The second photo – a ‘squircles’ collage – summed up the short break for me, taken from my Instagram account.

Dunstanburgh Castle
Dunstanburgh Castle, about 30 minutes walk through fields from the campsite, right to Craster or left to Bamburgh on the coastal path.

Dunstanburgh in 9 squircles

September – a van trip to Newborough with forest, dune complex and beach walks

We had our second carefree (if you don’t count social distancing, masks and sanitiser) summer holiday (a.ka. a long weekend), this time in lovely Newborough, Anglesey. We have visited a few times over the years, it’s a semi-remote, quiet (except the carpark and beach on a sunny day) place. We explored paths through Newborough Warren, the woodland nature reserve and beach walks to Ynys Llandwyn, and enjoyed the sand dunes, fish and chips, and blue skies.

And this time around, we had 24 hours of gale-force winds to add to the campervan fun.

Newborough Warren Anglesey
Anita on Ynys Llanddwyn / Llanddwyn Island. An island only in high tides, it served as the picturesque focal point for a day-long meander from the campsite, over sand dunes, through the forest, and along the beach… and back.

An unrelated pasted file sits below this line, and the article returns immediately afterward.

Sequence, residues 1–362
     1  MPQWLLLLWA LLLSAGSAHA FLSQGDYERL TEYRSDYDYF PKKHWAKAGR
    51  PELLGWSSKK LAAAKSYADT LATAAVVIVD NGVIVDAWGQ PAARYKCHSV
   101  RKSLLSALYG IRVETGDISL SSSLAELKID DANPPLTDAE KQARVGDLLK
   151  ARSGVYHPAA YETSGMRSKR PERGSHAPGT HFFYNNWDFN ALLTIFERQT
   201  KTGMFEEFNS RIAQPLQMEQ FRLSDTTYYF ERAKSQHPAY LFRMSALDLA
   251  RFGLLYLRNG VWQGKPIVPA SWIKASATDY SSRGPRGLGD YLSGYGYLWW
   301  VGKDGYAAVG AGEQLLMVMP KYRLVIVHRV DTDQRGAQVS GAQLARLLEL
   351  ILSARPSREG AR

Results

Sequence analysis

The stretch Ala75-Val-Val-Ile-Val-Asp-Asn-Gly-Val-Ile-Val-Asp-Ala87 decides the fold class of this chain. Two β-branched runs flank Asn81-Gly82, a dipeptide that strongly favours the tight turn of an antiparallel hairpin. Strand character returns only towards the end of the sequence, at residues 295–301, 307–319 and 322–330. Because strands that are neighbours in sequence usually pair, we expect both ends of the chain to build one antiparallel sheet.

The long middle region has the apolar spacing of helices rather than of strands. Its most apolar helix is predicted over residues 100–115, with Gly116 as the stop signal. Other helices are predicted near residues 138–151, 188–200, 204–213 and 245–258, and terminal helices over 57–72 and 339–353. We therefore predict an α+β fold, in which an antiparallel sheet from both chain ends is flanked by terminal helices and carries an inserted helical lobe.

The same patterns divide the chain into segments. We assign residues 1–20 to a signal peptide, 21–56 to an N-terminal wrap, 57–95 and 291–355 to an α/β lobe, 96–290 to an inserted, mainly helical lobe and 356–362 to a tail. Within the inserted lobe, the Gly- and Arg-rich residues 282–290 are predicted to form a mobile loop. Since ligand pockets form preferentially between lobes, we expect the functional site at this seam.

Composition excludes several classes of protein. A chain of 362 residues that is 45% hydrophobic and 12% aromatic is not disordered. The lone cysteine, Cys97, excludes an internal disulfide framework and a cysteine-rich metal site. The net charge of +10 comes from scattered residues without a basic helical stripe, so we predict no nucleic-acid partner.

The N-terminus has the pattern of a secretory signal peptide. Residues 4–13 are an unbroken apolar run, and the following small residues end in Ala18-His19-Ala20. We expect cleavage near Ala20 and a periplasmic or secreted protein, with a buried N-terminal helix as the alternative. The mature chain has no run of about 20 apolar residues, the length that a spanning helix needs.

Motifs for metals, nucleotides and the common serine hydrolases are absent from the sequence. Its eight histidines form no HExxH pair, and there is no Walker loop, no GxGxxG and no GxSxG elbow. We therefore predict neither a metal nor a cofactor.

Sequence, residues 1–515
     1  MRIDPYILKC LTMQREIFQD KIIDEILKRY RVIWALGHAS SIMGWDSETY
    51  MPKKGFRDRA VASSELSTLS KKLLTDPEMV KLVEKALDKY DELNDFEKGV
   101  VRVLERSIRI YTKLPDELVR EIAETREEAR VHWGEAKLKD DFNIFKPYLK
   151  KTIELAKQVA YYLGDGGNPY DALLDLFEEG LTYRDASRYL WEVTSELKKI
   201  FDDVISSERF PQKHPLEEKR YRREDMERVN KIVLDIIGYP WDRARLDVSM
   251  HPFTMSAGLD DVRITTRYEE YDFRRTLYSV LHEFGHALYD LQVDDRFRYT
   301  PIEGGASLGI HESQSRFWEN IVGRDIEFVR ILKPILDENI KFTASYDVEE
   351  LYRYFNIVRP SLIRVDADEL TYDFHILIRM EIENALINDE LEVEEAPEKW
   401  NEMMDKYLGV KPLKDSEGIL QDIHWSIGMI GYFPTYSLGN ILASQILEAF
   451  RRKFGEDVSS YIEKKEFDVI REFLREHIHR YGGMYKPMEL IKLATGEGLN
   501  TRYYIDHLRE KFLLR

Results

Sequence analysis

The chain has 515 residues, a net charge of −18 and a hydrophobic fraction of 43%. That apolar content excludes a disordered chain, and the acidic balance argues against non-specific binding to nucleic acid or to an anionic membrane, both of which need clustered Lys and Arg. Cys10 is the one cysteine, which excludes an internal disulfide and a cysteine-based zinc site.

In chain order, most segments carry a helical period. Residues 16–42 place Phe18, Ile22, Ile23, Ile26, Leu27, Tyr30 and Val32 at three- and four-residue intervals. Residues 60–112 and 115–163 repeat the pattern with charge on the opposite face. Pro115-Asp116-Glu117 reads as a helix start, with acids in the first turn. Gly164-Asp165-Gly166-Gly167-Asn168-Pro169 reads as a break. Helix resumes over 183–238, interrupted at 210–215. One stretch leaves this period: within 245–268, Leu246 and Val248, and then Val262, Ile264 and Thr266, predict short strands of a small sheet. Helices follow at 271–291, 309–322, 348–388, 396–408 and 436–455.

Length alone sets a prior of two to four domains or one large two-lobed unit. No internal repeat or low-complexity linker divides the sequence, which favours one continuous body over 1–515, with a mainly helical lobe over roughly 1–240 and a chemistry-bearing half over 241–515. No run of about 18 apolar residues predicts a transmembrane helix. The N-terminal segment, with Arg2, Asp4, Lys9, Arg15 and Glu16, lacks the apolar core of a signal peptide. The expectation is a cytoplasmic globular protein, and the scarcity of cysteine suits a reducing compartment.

Newborough Warren Anglesey
The wild ponies of Newborough Warren. Lynn Peninsula across the water in the background.

Newborough Warren Anglesey Newborough Warren Anglesey

Solo mooches or walks with friends

Pretty much all my moors mooching this year has been a solo affair. Except for some lockdown walks with Anita, to get a leg stretch and some elevation above the village – we were lucky to have a good spring and early summer weather-wise.
I did though have occasional walks with some mates, usually just two of us but sometimes in a small (less than 6) group.

Marsden Moor Wessenden hike
Anita as Queen Of The Castle, above the top end of the Wessenden Valley.
Fox cubs quarry Marsden
Some fox cubs that I kept returning to, in a high quarry above the village. Sitting there quietly whilst they came out for an explore was a peaceful, focussed distraction from doom-scrolling of social media on my phone or watching the daily covid updates on TV.


Marsden Walkers are Welcome team hike
A walk on the moors in January, pre-covid (but there was still less than 6 of us..) for friend Jenny’s birthday* and to recce a new walk for Marsden Walkers are Welcome.  L- R: Me, Bob, Taru, Karl, Jenny [* We had a drink of fizz on the top of March Hill to celebrate].
The March Hill recce was to finalise a circular route for a mesolithic themed walk. Marsden has an association not just with the period itself but with various amateur and professional initiatives to study it in this part of the world. I created a page this year about that: Mesolithic Marsden.

Marsden Moor Cupwith circular walk